OTTAWA — As a Canadian Forces combat engineer in Afghanistan, Corey Shelson's life revolved around a series of life-and-death calculations — plotting the safe movement of his comrades around hidden roadside explosives and other threats.
Today, Shelson's main preoccupation as a civilian consultant has become how to help protect and eventually move 1,700 Afghan interpreters and their families from the refuge of Kabul safe houses to safety outside Afghanistan and eventually to Canada.
On Friday, those safe houses are set to close because the money keeping them open will run out. That could leave their occupants at the mercy of Afghanistan's new Taliban rulers, who stormed back to power this summer.
By Shelson's reckoning, keeping them open — and the hope of eventual escape for their occupants — can be measured by a simple dollar figure: $5 million is needed by Friday.
Shelson says that's because the safe houses cost about $20,000 to $30,000 per day to operate. He says the tab has been ticking higher and higher because the federal Immigration Department has been too slow to approve travel documents for Afghan interpreters.
Veterans advocates such as Shelson are hoping that Canadian citizens will answer the call to help continue funding the safe houses because there is no guarantee the federal government will step up and offer funds.
"Here's a fact. For $5 million, you could move 1,700 people. For $10 million, you can probably move 3,500 people," said Shelson.
He is part of the network of Canadian veterans and citizens who have raised the funds to shield the Afghans who worked with the Forces and the Canadian government as they fought the Taliban and its terrorist allies.
In the last two months, the veterans network raised $2 million from 2,200 individual Canadian donors, he said. Shelson's firm contributed $50,000 worth of cash and in-kind services.
The amount that individual donors contributed ranged from $25 to as high as hundreds of thousands of dollars in rare cases, he said.
Shelson said he's received social media messages from seniors living on fixed incomes who have wanted to know if a small donation would help. He's not turning anybody down.
Jenny Smith, 68, said she was driven to donate $25 after seeing a recent television report about the plight of the safe houses.
"I just felt like, I don't have much money, but I was praying that if a million people give 25 bucks to help, you know," Smith said in a telephone interview from southwestern Ontario.
Trevor Street leveraged his success in the hot Vancouver real estate market to donate $100,000 through his company, the Partners Marketing Group. Street served as a reservist in the Canadian Army and volunteered for two tours of duty in Afghanistan.
"We decided that we would donate $100,000 to help with the safe house effort, after realizing that Justin Trudeau would abandon these people," said Street.
"If you think that this is a problem you don't agree with and you think this is wrong, pick up the phone, make a donation. Do your part. It will take you five minutes. You'll never miss the money."
Donations can be made to the Veterans Transition Network at https://vtncanada.org/support-afghan-interpreters/ or by telephone at 1-844-CDN-VETS (236-8387).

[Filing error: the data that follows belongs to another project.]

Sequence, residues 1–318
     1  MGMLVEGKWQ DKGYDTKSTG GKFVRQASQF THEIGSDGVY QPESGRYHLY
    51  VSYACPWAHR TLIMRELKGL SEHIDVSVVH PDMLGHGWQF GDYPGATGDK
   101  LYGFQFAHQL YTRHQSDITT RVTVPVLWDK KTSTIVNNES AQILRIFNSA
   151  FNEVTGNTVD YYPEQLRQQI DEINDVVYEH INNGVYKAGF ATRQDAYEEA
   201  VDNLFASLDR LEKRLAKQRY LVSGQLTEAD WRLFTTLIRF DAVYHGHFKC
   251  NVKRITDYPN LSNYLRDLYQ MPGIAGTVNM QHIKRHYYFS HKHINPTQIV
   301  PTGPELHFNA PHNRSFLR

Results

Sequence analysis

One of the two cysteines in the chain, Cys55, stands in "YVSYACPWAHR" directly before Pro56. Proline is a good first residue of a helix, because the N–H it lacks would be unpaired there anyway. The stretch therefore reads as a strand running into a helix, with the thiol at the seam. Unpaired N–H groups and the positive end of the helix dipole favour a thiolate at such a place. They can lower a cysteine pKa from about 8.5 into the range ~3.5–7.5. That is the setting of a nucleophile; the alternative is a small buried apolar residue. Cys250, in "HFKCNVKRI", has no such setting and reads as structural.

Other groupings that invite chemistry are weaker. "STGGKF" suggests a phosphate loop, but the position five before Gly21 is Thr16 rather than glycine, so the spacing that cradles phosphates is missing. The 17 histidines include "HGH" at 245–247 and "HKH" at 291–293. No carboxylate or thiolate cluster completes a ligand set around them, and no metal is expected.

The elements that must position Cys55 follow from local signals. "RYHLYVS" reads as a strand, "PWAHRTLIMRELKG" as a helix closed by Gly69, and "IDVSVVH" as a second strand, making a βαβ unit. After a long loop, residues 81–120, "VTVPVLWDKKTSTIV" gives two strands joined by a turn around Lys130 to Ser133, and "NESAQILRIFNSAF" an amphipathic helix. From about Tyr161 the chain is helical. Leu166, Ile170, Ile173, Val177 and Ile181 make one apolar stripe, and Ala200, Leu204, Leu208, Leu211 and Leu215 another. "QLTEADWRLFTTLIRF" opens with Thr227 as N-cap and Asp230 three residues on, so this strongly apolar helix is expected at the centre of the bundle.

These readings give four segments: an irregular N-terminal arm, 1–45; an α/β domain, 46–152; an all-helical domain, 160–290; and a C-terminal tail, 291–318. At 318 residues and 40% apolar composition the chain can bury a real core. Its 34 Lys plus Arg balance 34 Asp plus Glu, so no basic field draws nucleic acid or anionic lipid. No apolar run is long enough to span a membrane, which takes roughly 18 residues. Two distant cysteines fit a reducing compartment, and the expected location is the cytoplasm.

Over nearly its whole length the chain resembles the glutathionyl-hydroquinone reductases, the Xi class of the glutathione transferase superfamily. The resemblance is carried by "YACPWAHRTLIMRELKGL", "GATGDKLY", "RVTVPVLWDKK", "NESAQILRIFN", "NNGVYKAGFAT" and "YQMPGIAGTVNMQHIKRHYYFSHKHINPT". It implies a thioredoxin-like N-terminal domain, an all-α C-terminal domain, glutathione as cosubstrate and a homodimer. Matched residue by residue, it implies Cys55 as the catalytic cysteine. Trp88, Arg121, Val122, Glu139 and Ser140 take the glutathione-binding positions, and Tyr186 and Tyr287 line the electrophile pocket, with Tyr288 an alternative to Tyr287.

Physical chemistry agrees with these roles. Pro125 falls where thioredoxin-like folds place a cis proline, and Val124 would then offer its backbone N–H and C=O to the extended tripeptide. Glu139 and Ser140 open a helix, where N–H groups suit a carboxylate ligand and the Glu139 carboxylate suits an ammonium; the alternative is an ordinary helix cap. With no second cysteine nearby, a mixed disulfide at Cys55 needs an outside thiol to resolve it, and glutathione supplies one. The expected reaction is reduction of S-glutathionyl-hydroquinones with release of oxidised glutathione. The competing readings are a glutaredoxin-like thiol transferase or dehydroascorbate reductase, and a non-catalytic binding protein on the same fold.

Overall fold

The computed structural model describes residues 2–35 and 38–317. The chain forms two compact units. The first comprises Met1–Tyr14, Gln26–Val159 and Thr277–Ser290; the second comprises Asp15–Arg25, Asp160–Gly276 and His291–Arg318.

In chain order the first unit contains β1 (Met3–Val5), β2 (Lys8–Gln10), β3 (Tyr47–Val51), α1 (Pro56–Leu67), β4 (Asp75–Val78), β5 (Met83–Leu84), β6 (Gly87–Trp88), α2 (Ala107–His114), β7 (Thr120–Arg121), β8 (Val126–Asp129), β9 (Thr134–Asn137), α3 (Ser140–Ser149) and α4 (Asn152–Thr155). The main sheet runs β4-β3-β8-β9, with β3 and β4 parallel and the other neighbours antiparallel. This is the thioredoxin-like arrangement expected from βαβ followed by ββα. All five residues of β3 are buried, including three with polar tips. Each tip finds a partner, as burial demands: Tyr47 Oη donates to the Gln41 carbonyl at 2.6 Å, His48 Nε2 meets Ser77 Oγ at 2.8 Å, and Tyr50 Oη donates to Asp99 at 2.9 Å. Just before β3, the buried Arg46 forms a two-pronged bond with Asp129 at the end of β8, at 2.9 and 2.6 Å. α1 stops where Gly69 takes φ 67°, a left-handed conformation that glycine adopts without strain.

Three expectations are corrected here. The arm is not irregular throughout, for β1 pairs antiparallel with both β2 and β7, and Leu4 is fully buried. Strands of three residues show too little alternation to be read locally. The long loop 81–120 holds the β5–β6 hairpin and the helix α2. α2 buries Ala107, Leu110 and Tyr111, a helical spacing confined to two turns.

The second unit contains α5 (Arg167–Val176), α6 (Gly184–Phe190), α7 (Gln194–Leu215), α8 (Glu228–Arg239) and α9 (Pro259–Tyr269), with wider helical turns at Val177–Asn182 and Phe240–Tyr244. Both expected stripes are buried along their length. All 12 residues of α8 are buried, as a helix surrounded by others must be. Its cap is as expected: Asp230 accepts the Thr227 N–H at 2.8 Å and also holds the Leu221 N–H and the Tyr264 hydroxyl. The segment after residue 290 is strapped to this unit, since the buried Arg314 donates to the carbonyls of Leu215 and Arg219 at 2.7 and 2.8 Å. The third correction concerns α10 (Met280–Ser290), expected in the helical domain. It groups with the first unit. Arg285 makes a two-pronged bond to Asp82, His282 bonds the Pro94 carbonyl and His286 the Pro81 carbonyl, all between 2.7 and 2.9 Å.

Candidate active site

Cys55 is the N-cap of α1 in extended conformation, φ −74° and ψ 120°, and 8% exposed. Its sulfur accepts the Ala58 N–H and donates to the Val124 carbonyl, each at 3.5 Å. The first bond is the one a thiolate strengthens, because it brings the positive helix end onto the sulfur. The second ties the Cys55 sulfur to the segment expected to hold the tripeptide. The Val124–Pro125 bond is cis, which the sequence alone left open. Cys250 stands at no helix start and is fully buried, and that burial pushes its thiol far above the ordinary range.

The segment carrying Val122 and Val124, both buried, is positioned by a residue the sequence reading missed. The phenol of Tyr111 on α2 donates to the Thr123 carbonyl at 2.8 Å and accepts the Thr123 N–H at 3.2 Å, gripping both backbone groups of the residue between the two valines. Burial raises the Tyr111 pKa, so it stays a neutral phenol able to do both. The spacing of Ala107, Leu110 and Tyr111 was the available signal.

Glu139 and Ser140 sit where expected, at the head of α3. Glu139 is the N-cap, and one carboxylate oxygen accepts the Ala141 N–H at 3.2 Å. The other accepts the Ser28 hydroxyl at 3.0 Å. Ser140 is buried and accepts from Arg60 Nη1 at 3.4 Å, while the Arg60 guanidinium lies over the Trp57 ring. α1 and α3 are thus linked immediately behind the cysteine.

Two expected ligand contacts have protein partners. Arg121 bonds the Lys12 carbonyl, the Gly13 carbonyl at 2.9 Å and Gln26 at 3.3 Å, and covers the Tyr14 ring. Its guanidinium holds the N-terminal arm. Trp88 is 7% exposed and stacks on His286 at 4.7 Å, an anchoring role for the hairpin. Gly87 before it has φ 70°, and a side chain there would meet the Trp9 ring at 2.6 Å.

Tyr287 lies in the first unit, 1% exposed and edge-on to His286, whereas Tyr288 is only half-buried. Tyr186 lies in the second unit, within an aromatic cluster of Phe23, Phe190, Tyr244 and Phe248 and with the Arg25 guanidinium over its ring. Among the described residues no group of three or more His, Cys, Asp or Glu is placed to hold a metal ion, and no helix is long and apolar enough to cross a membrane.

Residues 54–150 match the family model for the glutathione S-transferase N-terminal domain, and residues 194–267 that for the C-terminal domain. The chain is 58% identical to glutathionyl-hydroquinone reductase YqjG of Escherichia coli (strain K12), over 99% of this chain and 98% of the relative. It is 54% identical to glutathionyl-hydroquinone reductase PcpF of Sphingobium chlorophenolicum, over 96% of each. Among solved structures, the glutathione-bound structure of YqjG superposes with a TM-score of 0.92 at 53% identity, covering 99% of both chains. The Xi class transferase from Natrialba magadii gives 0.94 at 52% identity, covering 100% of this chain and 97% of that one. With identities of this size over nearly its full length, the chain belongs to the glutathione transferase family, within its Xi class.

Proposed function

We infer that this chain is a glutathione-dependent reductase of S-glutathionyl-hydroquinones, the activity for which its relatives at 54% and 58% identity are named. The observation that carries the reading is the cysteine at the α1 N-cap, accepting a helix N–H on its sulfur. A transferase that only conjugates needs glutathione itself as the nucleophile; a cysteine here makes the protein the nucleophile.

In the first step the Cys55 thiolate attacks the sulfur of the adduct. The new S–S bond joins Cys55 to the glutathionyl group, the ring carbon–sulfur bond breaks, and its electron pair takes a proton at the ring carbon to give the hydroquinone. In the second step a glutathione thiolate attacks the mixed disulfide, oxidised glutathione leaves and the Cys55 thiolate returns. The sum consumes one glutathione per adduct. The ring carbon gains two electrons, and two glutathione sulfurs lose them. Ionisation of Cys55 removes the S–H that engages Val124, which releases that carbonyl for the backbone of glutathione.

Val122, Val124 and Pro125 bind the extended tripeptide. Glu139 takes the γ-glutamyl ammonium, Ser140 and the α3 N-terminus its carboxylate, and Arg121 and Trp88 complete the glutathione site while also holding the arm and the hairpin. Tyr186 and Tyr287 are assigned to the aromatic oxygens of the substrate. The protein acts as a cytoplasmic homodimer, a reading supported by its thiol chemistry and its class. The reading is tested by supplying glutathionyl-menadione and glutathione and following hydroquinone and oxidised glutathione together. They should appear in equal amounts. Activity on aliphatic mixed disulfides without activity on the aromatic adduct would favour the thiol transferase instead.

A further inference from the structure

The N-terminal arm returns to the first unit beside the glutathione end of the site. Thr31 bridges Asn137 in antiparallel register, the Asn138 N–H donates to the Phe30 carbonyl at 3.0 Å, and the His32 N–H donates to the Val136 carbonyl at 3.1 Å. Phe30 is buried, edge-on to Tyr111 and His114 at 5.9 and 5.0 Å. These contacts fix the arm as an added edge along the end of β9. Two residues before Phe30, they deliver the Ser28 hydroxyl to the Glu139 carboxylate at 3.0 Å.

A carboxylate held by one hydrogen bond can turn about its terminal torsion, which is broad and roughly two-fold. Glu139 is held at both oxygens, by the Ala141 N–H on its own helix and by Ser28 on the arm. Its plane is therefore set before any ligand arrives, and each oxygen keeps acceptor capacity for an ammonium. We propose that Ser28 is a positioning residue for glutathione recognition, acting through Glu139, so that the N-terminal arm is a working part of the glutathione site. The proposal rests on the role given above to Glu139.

Shelson said the safe houses, which were intended as a stopgap measure, have provided invaluable help so far to the Afghan interpreters and their families. That has included food, medical support and full COVID-19 testing.
"Babies have been born inside the safe houses. We've had people recovering from getting beaten up by the Taliban or getting interrogated by the Taliban and getting tortured."
Shelson said Ottawa needs to step up the speed at which it is processing refugee applications.
Citing security considerations, Global Affairs Canada, which is taking the federal lead on safe houses, had little to say about the issue. It said it is working with the Veterans Transition Network and Journalists for Human Rights "to protect vulnerable persons in Afghanistan including human rights defenders, women peacebuilders, former Canadian Armed Forces interpreters and locally engaged staff."
Shelson said he remains hopeful the government can come through with a creative solution to help evacuate more people from Afghanistan. As a combat engineer in Afghanistan in 2010, he had 30 soldiers under his command and faced formidable odds.
"Our job was to build the camps, and essentially keep the travel routes open. So that was the roads we drove on, and the paths we walked on."
Three of the men under Shelson's command were killed doing that work. He eventually retired at the rank of captain after 13 years in the military, with the memory of Sapper Brian Collier, Sgt. James (Jimmy) MacNeil and Sgt. Martin (Marty) Goudreault weighing heavily on him.
He also stayed in touch with other ex-interpreters. One of them reached out earlier this year with a desperate plea.
"This didn't start with me trying to help raise $2 million to fund safe houses. This started with a message on Facebook from an interpreter I worked with, and I had a decision: open the message, read it and respond … Do the right thing. Or don't," said Shelson.
"It's the right thing to do, to build awareness of this horrible situation, try and influence the government to do the right thing, and to get these folks out of harm's way."
This report by The Canadian Press was first published Nov. 2, 2021.
Mike Blanchfield, The Canadian Press